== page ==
Many children in South Africa are HIV-positive. Some children were found to be born HIV-positive and others only discovered they were HIV-positive a few years later. You wouldn’t be able to tell the difference between most HIV-positive kids and HIV-negative kids, because most of them are also strong and healthy.
Nowadays, if someone is HIV-positive, they can lead a long and happy a life just like an HIV-negative person, provided they get the treatment that they need and take it as regularly as they should.
One of the things that does stop HIV-positive kids from getting this treatment is the fear of being judged or shamed for being HIV-positive. Many HIV-positive people go to clinics regularly to collect their treatment so that they can stay healthy. But, some HIV-positive people don’t get their treatment as often as they should because they are afraid of being judged or made fun of, or they don’t tell others why they need to get to the clinic to get their treatment. When treatment stops, or is inconsistent, it can be dangerous for the HIV-positive person. It’s very important that HIV-positive people on treatment continue to take their treatment everyday as they should.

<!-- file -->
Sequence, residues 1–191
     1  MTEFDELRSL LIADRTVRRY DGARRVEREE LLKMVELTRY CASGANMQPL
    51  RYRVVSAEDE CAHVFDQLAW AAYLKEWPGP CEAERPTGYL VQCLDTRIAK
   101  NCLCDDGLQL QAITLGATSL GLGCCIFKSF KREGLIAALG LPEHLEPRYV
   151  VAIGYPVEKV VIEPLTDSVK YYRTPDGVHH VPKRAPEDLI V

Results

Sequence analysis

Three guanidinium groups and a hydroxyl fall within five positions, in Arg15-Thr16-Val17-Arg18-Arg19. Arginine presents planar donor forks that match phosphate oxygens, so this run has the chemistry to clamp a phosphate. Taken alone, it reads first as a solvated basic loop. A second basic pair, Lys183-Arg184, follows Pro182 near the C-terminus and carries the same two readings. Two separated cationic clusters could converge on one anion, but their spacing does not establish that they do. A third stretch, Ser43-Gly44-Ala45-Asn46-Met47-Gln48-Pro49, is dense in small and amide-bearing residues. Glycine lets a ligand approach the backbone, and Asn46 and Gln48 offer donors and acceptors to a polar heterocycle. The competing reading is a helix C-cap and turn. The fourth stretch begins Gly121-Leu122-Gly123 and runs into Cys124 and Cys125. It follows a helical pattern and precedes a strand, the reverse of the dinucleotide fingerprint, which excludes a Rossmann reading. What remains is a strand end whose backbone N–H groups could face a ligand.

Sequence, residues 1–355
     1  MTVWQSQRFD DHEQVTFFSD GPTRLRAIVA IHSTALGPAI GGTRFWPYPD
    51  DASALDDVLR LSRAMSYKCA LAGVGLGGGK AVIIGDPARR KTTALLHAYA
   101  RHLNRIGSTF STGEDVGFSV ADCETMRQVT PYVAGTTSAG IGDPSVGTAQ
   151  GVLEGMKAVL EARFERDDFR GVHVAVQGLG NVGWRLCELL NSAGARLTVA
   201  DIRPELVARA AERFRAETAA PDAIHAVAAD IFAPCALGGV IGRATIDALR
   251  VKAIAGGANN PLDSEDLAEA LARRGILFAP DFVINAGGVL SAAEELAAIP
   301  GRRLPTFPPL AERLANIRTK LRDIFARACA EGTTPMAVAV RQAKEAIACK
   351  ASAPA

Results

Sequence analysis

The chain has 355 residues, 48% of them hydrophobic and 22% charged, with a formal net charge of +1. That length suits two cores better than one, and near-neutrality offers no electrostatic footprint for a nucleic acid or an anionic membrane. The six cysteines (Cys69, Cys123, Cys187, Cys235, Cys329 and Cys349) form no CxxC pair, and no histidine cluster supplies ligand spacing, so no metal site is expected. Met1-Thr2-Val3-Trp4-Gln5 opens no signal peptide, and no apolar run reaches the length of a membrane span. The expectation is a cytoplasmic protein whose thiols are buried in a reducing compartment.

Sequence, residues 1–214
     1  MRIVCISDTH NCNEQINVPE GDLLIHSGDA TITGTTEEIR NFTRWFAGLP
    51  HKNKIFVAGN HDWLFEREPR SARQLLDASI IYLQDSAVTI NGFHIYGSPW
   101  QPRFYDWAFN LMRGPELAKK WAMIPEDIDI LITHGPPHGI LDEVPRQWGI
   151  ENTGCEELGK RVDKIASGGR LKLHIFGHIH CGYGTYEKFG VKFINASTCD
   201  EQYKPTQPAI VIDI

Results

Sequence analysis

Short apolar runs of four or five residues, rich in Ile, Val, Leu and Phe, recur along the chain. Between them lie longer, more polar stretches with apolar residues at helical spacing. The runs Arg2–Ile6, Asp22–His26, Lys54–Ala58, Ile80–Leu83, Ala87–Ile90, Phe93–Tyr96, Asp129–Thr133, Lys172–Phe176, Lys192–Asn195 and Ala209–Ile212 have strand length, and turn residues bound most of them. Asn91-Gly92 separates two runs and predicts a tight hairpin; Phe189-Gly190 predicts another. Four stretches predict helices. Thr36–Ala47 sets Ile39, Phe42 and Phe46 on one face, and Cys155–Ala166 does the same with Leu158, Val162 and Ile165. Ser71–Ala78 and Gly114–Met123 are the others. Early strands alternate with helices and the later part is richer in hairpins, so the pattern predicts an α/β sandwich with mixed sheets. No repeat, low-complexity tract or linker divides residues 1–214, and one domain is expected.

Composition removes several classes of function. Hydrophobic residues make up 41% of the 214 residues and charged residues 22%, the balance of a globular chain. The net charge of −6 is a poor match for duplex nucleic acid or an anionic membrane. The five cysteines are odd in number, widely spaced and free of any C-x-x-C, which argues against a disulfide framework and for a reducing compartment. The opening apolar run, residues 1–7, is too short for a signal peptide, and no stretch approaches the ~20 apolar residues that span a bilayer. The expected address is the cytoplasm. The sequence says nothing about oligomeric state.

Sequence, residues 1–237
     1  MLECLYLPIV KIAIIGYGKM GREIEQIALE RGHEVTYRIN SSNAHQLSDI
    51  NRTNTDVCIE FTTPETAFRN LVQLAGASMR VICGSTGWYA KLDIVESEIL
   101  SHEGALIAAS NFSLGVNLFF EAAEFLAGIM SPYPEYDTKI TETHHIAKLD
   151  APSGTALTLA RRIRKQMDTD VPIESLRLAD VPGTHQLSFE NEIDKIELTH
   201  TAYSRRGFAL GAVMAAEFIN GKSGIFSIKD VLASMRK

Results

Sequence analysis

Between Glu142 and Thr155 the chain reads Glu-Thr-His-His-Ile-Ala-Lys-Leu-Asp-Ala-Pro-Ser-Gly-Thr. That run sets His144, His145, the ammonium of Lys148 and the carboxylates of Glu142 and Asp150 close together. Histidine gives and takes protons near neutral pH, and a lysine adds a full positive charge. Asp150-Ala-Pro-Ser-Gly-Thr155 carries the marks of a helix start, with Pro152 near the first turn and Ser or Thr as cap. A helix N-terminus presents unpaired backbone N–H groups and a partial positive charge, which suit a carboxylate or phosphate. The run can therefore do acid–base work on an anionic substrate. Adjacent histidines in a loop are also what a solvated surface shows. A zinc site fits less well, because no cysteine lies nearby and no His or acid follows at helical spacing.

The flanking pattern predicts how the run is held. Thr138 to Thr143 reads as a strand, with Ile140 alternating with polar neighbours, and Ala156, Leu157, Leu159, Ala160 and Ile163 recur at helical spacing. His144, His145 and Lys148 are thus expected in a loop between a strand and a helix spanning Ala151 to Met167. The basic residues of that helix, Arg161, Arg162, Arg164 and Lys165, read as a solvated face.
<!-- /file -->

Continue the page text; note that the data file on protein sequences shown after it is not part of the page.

We can all help by supporting HIV-positive people and being supportive and mindful of what we say about those who are HIV-positive. Sometimes you can also even help someone to go collect their medication or excuse them if they are going to be late for school or some other appointment if they need to collect it themselves.
Remember, if someone tells you that they are HIV-positive it means that they trust you and they need you to be able to keep this information to yourself. It wouldn’t be right for you to tell others about someone’s HIV status unless they specifically told you that you can. Let’s get rid of stigma by helping others to realise that there is nothing shameful about being HIV-positive.